Ruben Hinojos, a resident care manager at Marquis Centennial, didn’t set out to be a Legend—far from it. After starting his career as a CNA, he found that caring for seniors came naturally to him. He enjoyed talking to them and hearing their stories, and after serving in a variety of positions, decided he could best serve them by going to nursing school. He’s been a Marquis nurse for 19 years, and with the company for nearly 30.
About two years ago, Ruben had been temporarily filling in at Marquis Marian Estates when a young staff member appeared in his office door. His name was Jose, and he was a first-generation high-school graduate who had been accepted to Mt. Hood Community College for a Physical Therapy degree. “His family sacrificed everything to bring him to the United States so he could go to college,” Ruben said.
You have to have the empathy to put yourself in someone else’s shoes, and see things from their point of view. Nobody can do everything alone in life, and there are so many opportunities to help people. It’s just listening and responding when asked.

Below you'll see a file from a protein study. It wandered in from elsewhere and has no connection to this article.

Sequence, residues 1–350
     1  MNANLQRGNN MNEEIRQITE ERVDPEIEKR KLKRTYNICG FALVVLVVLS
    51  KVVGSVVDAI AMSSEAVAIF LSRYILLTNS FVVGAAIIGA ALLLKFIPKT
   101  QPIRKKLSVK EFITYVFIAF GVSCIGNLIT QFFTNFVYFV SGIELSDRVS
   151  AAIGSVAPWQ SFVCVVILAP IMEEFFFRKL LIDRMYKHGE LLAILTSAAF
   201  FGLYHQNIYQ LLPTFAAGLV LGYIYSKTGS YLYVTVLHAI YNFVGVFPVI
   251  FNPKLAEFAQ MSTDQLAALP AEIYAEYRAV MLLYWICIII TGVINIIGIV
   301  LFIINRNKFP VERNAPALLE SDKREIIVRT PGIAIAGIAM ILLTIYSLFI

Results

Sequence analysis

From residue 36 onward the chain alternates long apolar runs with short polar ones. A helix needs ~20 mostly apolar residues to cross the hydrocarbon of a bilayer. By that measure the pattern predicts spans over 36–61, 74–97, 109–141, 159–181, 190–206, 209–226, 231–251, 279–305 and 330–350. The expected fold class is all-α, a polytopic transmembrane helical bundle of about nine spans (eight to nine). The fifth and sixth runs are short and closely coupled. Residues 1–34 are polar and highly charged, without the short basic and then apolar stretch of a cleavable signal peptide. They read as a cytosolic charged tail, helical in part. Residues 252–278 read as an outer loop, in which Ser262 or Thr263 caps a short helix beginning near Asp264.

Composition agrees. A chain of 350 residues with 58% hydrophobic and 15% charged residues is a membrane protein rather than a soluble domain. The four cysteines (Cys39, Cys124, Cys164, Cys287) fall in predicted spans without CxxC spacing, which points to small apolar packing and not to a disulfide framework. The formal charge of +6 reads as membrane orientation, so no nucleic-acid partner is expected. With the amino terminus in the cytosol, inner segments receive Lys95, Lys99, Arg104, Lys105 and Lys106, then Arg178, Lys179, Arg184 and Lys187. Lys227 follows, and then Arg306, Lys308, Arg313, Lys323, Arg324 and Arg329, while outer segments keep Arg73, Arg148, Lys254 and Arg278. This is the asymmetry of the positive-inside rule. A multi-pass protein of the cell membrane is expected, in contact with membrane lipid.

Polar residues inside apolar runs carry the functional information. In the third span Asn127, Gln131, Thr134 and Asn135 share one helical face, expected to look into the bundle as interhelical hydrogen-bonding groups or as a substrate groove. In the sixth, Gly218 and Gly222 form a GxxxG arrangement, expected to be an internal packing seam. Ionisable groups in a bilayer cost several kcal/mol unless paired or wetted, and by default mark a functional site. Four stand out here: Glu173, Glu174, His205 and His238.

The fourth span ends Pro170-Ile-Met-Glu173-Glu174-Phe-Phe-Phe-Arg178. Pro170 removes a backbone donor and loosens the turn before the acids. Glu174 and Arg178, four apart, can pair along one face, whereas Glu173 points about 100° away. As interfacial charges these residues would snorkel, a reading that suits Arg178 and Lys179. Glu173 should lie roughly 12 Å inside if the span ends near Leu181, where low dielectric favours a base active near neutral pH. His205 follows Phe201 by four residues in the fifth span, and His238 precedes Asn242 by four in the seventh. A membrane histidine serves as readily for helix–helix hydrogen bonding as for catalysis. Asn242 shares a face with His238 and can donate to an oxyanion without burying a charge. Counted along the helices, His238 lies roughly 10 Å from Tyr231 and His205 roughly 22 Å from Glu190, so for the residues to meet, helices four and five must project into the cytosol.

The problem was, Jose lived in Salem, Ore., a three-hour round-trip drive, without traffic, just to get to class and back every day. He’d heard Ruben might have a spare room in his home, which was close to the school, and wondered if he could possibly stay there. Ruben’s answer was quick and to the point: Yes, absolutely, and by the way, for free. Now Jose is in his final semester, and says he couldn’t have done it without Ruben’s help.
“I was impressed with Jose’s ambition, so I didn’t hesitate,” Ruben recalled. “He had no fear. He had a goal and was going to do whatever was necessary to accomplish it. I could help be that bridge, and I was happy to.”
Once you talk to Ruben for any length of time, his actions aren’t surprising. He believes in being selfless, in helping people when you can. “You have to have the empathy to put yourself in someone else’s shoes, and see things from their point of view,” he believes. “Nobody can do everything alone in life, and there are so many opportunities to help people. It’s just listening and responding when asked.”
He’s appreciative of the Legend award, but like many Marquis and Consonus Legends who have come before, he’s a humble person who’s a little embarrassed by all the attention. When he stepped outside for the surprise event in his honor at Marquis Centennial, he felt “bamboozled” but honored to be acknowledged by his coworkers and residents.
He doesn’t see anything special in what he did—he’s just committed to always taking that extra step, because he believes it can have ripple effects across generations. As he said in his Legend acceptance speech, “It’s truly the Marquis culture. You see someone who needs a step up, you’re just eager to help if you can.”